Hundreds of people have already signed a petition against a controversial plan to build a £500 million ‘super incinerator’ on the outskirts of Derry.
It emerged yesterday that the Department of the Environment has ordered an internal investigation into why the public was not informed of planning approval for the major waste processing plant at Maydown.
The project has been described as one of the largest and most complicated public procurement exercises in Northern Ireland.
The plant was given the go-ahead in September 2011 but notification of this didn’t appear in the press until this year. Objectors said they had been denied the right to legally challenge the decision.
According to the regulations, members of the public should have been informed at the time of the decision. However the notification appeared in the media almost 18 months after the planners had approved the scheme. Objectors said that, by the time the advert did appear, the deadline for a legal challenge had passed.
The top civil servant at the DoE has now ordered an inquiry to find out what went wrong.
The DoE said that failing to notify the public in time was an “administrative oversight” which had “no bearing on the original decision to grant the approval”.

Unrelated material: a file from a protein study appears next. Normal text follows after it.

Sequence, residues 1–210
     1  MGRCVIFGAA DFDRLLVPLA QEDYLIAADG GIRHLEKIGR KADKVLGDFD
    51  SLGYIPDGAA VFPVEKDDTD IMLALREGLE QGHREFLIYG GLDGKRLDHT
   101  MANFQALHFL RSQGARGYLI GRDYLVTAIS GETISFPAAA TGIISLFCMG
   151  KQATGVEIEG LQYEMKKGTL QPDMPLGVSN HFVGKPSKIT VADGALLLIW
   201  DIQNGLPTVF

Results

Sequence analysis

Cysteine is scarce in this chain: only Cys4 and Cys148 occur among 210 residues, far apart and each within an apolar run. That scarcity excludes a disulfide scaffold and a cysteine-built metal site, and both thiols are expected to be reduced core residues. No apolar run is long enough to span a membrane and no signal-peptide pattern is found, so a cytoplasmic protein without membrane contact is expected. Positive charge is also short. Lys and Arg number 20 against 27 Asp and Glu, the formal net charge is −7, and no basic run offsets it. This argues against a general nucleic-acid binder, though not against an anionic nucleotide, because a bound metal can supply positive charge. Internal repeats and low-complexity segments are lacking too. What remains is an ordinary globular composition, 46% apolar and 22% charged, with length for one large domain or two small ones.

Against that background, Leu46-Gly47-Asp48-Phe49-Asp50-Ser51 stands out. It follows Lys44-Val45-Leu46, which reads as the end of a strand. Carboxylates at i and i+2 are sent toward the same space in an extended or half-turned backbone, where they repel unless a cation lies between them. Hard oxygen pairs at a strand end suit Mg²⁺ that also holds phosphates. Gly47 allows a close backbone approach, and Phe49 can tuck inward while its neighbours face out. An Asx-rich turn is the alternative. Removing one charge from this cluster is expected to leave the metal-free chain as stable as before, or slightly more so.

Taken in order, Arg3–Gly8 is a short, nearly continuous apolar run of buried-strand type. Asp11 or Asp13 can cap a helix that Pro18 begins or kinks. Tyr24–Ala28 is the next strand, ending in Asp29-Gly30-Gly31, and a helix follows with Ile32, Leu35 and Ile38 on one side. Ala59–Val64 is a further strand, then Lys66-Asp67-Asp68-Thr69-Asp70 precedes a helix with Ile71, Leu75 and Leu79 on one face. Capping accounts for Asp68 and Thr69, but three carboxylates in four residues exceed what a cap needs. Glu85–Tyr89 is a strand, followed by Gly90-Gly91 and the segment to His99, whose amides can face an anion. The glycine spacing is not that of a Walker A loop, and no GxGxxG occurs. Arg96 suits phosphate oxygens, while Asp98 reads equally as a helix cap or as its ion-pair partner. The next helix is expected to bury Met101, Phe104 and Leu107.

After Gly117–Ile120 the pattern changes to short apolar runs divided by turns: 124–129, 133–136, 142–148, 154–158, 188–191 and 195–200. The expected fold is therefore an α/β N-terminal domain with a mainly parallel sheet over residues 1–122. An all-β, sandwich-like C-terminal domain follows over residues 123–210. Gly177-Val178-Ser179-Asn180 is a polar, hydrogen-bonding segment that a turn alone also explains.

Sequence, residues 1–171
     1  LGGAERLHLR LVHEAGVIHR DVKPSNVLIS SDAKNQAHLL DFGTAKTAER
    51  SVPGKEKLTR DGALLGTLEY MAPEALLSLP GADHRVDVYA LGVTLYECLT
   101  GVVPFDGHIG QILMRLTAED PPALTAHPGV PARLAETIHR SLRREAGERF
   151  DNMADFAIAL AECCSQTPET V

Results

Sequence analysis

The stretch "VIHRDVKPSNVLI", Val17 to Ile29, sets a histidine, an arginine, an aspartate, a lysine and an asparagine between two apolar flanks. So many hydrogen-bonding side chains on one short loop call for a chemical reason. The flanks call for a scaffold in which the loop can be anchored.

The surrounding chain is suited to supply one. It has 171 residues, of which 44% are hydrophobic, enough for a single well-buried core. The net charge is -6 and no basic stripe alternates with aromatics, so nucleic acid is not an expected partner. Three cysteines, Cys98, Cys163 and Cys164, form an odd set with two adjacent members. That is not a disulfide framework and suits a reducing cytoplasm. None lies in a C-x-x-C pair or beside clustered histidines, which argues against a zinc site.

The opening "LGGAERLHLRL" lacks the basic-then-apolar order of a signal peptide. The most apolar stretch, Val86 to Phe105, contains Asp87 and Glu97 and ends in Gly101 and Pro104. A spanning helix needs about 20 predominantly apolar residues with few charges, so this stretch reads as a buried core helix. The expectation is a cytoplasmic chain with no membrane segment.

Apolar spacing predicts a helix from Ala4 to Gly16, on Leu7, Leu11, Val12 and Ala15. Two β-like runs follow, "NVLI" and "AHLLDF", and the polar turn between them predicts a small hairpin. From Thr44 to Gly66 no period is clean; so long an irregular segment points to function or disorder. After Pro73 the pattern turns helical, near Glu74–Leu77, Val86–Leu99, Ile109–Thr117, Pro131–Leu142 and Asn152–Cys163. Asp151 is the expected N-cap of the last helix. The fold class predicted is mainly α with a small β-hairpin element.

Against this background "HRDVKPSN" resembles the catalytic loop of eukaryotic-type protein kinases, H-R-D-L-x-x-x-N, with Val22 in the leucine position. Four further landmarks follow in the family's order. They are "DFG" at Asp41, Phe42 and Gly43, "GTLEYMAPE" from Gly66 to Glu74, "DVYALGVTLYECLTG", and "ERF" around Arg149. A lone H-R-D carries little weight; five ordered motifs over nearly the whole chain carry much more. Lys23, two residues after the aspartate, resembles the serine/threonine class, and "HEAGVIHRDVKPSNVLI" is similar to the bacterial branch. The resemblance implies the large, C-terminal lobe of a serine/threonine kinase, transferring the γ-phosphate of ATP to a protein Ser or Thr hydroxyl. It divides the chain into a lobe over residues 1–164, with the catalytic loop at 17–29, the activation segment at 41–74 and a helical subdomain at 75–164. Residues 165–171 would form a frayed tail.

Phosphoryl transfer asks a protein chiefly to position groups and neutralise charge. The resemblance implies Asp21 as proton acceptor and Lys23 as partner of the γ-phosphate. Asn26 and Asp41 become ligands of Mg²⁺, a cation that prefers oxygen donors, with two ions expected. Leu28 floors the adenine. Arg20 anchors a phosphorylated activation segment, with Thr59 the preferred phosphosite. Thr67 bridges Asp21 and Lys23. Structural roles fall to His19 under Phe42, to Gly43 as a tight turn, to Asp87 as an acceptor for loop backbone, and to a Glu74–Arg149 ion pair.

Three groups are behind the application - Derry-based Brickkiln, which specialises in waste management and civil engineering, Sisk, an international construction company, and international waste management business, Shanks.
According to the Brickkiln company website, the plant will handle 120,000 tonnes of waste annually and supply 30 Giga Watt hours of renewable electricity to the grid - that is enough to support the energy needs of 6,000 homes for a year.
It is estimated that the facilities will create 200 construction jobs and a further 40 full-time posts when they become operational.
However, a new group opposed to the plan for the ‘gasification’ plant - to be located at the Enviroparc on Electra Road - says there is “strong” public opposition across the region.
A spokesperson for North West Zero Waste - which will hand over its petition to Derry City Council next week - said: “Gasification is incineration under EU directives. They are the same thing under a different name.”
Voicing concern at possible health risks associated with such a venture, the spokesperson added: “All the evidence points to the fact that it is not possible to rule out adverse health effects from modern, well-regulated facilities with complete certainty. The truth of the matter is, there isn’t enough evidence to confidently prove there is no risk.”
No-one at Brickkiln was available for comment.